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Q. What are the freedoms available to citizens under the Fundamental Rights ? Are those freedoms unlimited?

Ans. Originally, seven freedoms were provided in Article 19(1) of the Constitution, but. in 1978, by 44th Constitution Amendment right to acquire and dispose property was deleted from the Constitution. Thus, at present. there are only six types of freedom available to Indian citizens under the Fundamental Rights, which are given below-
All Citizens of India shall have the right—
(a) to freedom of speech and expression;
b) to assemble peacefully and without arms:
(c) to form associations or unions:
(d) to move freely throughout the the territory of India;
(e) to reside and settle in any part of the territory of India: and
(1) to practice any profession. or to carry on any occupation, trade or business.
These freedoms are available only to Indian citizens. Also, these arc not absolute and unlimited. The Constitution has authorised the Slate to impose reasonable restrictions on these freedom in the larger interest .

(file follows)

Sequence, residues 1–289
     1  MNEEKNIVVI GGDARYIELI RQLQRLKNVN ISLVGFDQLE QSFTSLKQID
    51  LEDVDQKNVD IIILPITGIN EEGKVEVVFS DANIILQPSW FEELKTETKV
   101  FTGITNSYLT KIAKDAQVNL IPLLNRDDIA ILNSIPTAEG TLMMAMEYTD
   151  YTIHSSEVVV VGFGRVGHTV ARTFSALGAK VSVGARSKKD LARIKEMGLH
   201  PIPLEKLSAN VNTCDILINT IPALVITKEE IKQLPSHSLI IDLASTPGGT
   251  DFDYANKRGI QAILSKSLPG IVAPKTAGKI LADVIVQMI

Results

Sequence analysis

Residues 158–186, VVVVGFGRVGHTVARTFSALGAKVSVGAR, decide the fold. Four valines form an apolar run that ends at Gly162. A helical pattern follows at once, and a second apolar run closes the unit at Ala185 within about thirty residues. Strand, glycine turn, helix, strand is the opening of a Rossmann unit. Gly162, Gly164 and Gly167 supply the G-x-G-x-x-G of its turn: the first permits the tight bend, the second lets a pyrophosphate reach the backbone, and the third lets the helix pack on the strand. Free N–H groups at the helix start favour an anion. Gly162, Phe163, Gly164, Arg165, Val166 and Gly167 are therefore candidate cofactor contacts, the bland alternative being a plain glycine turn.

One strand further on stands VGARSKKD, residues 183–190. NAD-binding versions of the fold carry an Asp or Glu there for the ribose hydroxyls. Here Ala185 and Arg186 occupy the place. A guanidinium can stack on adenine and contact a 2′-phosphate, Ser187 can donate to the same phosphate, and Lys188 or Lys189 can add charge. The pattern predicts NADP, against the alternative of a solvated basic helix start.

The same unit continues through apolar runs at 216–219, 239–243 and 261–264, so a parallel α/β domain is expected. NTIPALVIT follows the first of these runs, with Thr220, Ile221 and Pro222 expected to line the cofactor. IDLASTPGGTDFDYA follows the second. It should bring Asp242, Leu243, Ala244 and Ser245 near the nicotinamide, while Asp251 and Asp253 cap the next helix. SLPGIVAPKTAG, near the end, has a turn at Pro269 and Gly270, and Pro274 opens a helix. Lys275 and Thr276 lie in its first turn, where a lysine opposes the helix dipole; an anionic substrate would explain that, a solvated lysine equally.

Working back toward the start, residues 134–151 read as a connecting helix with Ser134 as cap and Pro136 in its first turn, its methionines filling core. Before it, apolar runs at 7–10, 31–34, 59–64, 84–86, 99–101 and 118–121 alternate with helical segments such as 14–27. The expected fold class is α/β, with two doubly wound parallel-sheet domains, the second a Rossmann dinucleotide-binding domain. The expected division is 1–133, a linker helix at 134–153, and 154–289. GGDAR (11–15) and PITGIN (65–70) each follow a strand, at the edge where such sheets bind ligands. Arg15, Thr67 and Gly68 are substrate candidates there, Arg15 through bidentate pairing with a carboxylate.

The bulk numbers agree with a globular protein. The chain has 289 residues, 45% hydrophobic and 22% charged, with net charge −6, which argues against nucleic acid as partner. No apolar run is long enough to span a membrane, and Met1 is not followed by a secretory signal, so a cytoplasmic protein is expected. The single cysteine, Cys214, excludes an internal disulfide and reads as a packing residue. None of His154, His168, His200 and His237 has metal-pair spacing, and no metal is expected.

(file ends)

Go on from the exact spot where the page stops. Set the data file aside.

of general public. Sections (2) and (6) of Article 19 itself describe these re S tr ic Ii Ofl S.
1. Freedom of speech and expression in article 19 (1) (a)—The freedom is concerned with the communication of ideas expressed through speech. newspapers or other means of communication. Thus, it also includes the freedom of the press. The Supreme Court, in. two separate cases Romesh Thapar Vs. State of Madras (1950) and Srinivas Vs. State of Madras (1951) held the same view. The following are the constitutional grounds to impose restrictions on the freedom of speech and expression